Larger than snowshoe hares, Arctic hares weigh-on average-about eight pounds (3.6 kg). They feed on the tundra plants found on open ground in Newfoundland, coastal Labrador and across the far north. Arctic hares were once more common and inhabited forests in Newfoundland and coastal Labrador, but snowshoe hares, introduced there in 1864, soon displaced them from woodlands. Arctic hares hop up and down like kangaroos-on their hind legs with front paws up. Birds of prey and mammals like foxes and lynx often hunt this hare. With populations that fluctuate widely, they breed only once per year and average just three young per litter.
Current population status within Atlantic Canada: vulnerable

Eastern Coyote (Canis latrans)

Resembling wolves in size and sometimes travelling in packs, eastern coyotes appeared in New Brunswick in the late 1950s. They continued into Nova Scotia in the 1970s, eventually trotting across icy straits to Prince Edward Island and Newfoundland. Eastern coyotes are intelligent opportunists but fare poorly against northern wolves. Blueberries, bugs and a fawn may be on a day's menu, along with plundering garbage cans and village pets, but they more frequently travel forest roads, searching clearcut areas for mice and hares. Coyote populations occasionally contract mange, a painful condition that develops when mites invade fur, causing cracked skin and bare hides.
Current population status within Atlantic Canada: healthy

Bobcat (Lynx rufus)

Newfoundland and Prince Edward Island aside, bobcats roam across southern Canada. Opportunistic like the coyote, bobcats are capable of adapting to human encroachment. A bobcat or coyote might hide in the trunk of an abandoned '57 Buick, perhaps even within city limits. Bobcats normally haunt the swamps and forests of the east at night and alone, searching primarily for small mammals like squirrels, small birds and sometimes wandering domestic cats. Dens are often located in rock crevices, hollow logs and under wind-thrown trees. When fur prices rise, intense trapping of this easily caught species briefly lowers local populations.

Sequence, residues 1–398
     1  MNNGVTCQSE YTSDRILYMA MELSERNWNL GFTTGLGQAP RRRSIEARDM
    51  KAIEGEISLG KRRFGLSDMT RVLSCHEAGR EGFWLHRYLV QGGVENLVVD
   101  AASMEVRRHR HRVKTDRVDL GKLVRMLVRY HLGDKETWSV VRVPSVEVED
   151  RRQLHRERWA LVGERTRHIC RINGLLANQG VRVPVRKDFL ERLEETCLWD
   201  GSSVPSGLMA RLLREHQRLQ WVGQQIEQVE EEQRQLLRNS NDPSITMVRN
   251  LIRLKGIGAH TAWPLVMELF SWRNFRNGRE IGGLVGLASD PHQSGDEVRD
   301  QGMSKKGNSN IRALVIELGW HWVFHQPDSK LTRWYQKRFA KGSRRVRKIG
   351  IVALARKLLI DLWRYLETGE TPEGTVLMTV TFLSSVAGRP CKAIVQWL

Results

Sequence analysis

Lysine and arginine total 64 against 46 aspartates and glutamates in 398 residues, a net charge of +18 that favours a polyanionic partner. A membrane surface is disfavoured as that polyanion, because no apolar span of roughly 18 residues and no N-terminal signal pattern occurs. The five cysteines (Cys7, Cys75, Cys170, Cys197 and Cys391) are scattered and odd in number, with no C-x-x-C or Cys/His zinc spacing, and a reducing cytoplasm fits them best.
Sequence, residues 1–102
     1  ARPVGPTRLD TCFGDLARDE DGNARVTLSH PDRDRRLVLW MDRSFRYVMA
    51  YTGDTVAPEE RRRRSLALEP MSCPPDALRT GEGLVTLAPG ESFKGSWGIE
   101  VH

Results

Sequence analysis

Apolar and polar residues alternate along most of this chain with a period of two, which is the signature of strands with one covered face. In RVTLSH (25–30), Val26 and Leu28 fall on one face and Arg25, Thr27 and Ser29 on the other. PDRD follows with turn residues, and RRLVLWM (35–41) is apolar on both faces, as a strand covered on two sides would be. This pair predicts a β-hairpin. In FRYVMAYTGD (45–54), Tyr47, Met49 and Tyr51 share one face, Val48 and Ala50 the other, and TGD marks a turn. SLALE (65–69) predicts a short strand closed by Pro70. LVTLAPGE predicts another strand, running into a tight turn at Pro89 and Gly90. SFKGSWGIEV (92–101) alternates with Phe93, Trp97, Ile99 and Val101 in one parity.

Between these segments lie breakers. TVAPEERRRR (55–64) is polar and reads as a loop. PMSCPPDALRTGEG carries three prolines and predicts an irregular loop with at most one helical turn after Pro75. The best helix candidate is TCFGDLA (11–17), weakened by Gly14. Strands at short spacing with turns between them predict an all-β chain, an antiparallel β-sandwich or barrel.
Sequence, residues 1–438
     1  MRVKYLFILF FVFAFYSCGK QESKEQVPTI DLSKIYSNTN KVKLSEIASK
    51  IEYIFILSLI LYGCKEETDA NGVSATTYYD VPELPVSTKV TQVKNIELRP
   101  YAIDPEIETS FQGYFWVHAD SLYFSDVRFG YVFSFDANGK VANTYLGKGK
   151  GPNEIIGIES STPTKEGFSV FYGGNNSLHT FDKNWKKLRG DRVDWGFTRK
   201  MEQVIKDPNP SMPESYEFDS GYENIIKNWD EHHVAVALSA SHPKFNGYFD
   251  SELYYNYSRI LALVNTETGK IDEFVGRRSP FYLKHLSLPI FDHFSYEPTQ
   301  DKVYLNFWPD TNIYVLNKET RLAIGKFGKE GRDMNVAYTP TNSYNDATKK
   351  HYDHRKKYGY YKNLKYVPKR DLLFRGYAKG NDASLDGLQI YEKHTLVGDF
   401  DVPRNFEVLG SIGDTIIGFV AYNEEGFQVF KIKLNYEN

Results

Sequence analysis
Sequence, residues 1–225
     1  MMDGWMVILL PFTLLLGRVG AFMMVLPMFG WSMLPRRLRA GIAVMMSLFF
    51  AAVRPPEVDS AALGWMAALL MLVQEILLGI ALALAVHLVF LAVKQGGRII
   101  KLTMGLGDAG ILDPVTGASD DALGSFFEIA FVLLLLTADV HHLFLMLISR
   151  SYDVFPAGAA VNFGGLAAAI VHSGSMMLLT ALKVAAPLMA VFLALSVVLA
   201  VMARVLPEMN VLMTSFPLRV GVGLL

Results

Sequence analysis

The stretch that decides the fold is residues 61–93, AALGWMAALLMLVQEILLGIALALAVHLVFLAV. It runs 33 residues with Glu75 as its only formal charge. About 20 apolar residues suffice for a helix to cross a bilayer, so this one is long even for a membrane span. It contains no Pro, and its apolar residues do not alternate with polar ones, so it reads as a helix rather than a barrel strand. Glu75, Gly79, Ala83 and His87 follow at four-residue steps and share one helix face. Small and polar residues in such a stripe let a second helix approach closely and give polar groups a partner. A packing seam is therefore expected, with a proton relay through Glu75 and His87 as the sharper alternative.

Current population status within Atlantic Canada: healthy
(Nova Scotia has the highest bobcat population of any jurisdiction in North America.)

Red Fox (Vulpes fulva)

This small, wild dog with a bushy, white-tipped tail and a playful attitude prefers a mix of forest and open country. Although found across Canada, it avoids the prairies. The dens and middens (boneyards) of red fox pairs and their kits have long been associated with farmlands and orchards. Foxes will follow behind tractors as they mow hay fields, pouncing upon startled, suddenly exposed mice. Eastern coyotes with a penchant for killing foxes have pushed them closer to rural homesteads. Atlantic Canadian beaches often host fox dens in the sand dunes-they can be observed searching the beach grass for mice and birds.
Current population status within Atlantic Canada: healthy

Lynx (Lynx canadensis)

With tufted ears and enormous paws for easy treading over deep snow, lynx are larger and better equipped than bobcats for winters in forests and swamps across northern Canada. But wherever lynx and bobcat territories overlap, bobcats usually dominate. Lynx are absent in Prince Edward Island, and few currently remain on mainland Nova Scotia or New Brunswick. The Cape Breton lynx population is currently very low and considered isolated from other lynx populations across Canada. Lynx populations rise and fall in concert with fluctuations in hare populations. By nature a solitary, hide-and-pounce nocturnal hunter, the lynx is not well suited to prey upon other small wildlife species. 
Current population status within Atlantic Canada: threatened